12% of students do not continue into the second year of their course
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What are graduates doing after six months?

Source: DLHE

Here’s what students are up after they graduate from studying this subject here. We’ve analysed the employment rate and salary figures so you can see at a glance whether they’re high, typical or low compared to graduates in this subject from other universities. Remember the numbers are only measured only six months after graduation and can be affected by the economic climate - the outlook may be different when you leave uni. What do graduate employment figures really tell you?

% employed or in further study 93% LOW
Average graduate salary £21k HIGH
Graduates who are business, finance and related associate professionals

7%

Graduates who are teaching and educational professionals

14%

Graduates who are sales, marketing and related associate professionals

13%

Employment prospects for graduates of this subject

Sources: DLHE & HECSU
It's often said there's a shortage of modern language graduates, and graduates from Spanish courses have a lot of options available to them when they complete their courses. In 2012, just over 1,100 UK graduates got degrees in Spanish, and about one in five got jobs overseas – often as English teachers. If you want to put your degree to work in the UK, teacher training is a common option, and businesses see Spanish-speaking countries as important markets, leading to graduate opportunities in translation, finance, human resources and project management. But remember – whilst employers say they rate graduates who have more than one language, you need to have them as part of a whole package of good skills.
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What do students think about this subject here?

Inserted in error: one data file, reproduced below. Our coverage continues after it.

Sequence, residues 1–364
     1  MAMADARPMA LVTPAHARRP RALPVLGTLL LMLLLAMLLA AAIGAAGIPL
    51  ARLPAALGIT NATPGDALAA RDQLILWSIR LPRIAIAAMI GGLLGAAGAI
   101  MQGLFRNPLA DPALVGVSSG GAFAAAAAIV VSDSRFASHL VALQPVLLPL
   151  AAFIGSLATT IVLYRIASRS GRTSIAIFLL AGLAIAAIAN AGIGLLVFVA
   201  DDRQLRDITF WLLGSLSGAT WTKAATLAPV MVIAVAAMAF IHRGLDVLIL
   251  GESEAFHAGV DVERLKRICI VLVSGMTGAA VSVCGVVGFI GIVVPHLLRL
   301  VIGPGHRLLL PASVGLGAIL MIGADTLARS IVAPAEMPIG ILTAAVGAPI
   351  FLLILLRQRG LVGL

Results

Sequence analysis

Source: NSS

Here's how satisfied past students were – useful to refer to when you’re narrowing down your options. Our student score makes comparisons easier, showing whether satisfaction is high, medium or low compared to other unis.

What do student satisfaction scores tell you?

Overall student satisfaction 100%
Student score 85% MED
Able to access IT resources

85%

Staff made the subject interesting

95%

Library resources are satisfactory

67%

Feedback on work has been helpful

62%

Feedback on work has been prompt

75%

Staff are good at explaining things

89%

Received sufficient advice and support

84%

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Who studies this subject?

Source: HESA

Start building a picture of who you could be studying with by taking a look at the profile of people that have studied this subject here in previous years.

UK / Non-UK
21% of students here are from outside the UK
Male / Female
62% of students are female
Full-time / Part-time
0% of students are part-time
Typical Ucas points
397 entry points typically achieved by students
2:1 or above
65% of students achieved a 2:1 or above
Drop-out rate
13% of students do not continue into the second year of their course
Icon ribbon

What are graduates doing after six months?

Source: DLHE

Here’s what students are up after they graduate from studying this subject here. We’ve analysed the employment rate and salary figures so you can see at a glance whether they’re high, typical or low compared to graduates in this subject from other universities. Remember the numbers are only measured only six months after graduation and can be affected by the economic climate - the outlook may be different when you leave uni. What do graduate employment figures really tell you?

% employed or in further study 96% MED
Average graduate salary £21k HIGH
Graduates who are public services and other associate professionals

6%

Graduates who are childcare and related personal services

5%

Graduates who are other administrative occupations

5%

Employment prospects for graduates of this subject

Sources: DLHE & HECSU
It's often said the UK doesn't produce enough modern language graduates, and graduates from German courses have a lot of options available to them when they complete their courses. The unemployment rates last year was lower than graduates in general. About one in six graduates got jobs in the EU – mostly as English teachers – which is much higher than for most subjects. The German economy is faring rather better than ours at the moment, so there may be other opportunities for ambitious graduates over there. But more graduates went to work in London, and those who want to stay at home to work find jobs anywhere where good communication skills are a must, particularly in education, translation, finance and advertising. But remember – whilst employers say they rate graduates who have more than one language, you need to have them as part of a whole package of good skills.